The Global Freedom Network, which launched with backing from Most Revd Justin Welby and Pope Francis in March 2014 brings together faith leaders in a commitment to eradicate modern slavery by 2020.
Last week a report claimed up to 13,000 people are living in slavery in Britain, according to the first "scientific" estimate made of the country's modern slave conditions.
The number includes domestic staff, women forced into prostitution and workers in fields, factories and fishing boats - and is four times higher than a previous estimate, by the National Crime Agency's human trafficking centre.
The Modern Slavery Bill, currently going through the UK Parliament, aims to provide courts in England and Wales with new powers to protect people who are trafficked into the countries and held against their will. Scotland and Northern Ireland are planning similar measures.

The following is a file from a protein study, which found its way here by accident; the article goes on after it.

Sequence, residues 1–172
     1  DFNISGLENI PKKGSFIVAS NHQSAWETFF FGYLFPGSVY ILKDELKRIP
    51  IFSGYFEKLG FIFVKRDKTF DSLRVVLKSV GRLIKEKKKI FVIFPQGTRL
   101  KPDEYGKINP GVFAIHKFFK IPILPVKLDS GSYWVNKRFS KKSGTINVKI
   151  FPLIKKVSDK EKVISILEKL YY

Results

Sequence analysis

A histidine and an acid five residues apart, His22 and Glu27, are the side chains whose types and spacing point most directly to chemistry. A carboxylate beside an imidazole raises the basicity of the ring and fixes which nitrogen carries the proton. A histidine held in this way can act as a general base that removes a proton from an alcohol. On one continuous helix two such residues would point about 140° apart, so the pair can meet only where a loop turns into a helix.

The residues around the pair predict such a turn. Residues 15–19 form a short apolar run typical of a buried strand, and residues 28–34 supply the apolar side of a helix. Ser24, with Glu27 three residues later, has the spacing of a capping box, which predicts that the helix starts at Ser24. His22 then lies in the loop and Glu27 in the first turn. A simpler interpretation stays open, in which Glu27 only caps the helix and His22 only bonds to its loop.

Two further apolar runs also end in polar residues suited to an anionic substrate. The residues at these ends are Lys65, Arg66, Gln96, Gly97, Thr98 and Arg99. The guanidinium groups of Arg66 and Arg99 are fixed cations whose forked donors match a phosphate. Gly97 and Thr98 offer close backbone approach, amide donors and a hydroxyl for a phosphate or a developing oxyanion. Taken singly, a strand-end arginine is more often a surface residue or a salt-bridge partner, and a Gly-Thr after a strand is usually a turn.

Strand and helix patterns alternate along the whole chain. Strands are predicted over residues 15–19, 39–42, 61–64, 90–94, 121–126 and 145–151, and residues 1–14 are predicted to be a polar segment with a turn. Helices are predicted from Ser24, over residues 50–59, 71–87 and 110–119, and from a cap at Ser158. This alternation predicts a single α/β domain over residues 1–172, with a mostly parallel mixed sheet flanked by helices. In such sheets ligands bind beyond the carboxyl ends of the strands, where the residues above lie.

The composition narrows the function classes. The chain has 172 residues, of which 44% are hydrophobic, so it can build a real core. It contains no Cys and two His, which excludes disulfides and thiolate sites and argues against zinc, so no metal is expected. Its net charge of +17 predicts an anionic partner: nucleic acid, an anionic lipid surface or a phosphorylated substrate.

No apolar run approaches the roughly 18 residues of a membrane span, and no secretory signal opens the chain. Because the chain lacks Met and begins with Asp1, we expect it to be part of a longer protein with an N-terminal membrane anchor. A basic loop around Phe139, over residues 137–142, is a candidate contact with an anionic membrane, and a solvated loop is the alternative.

The Joint Declaration of Religious Leaders against Modern Slavery signed today on the International Day for the Abolition of Slavery underlines that modern slavery, in terms of human trafficking, forced labour and prostitution, organ trafficking, and any relationship that fails to respect the fundamental conviction that all people are equal and have the same freedom and dignity is a crime against humanity, and must be recognised as such by everyone and by all nations.
In an address before the signing, Archbishop Justin described today's declaration as "a profoundly significant moment".
The leaders had gathered to "affirm a deep shared commitment for the liberation of those humiliated, abused and enslaved by their fellow-human beings," he said.
"There are already close and trusting relationships between us as faith leaders. Our task now is to make these relationships work effectively for the well-being of all people."
Archbishop Justin said faith leaders can make sure that every worshiping community knows about modern slavery and is ready to work to prevent and end such abuses.
A number of other faith leaders spoke at the event and video messages were given by His All-Holiness Ecumenical Patriarch Bartholomew and by Grand Ayatollah Sheikh Basheer Hussain al Najafi who could not attend the ceremony but said they were equally committed to eradicating modern slavery and human trafficking.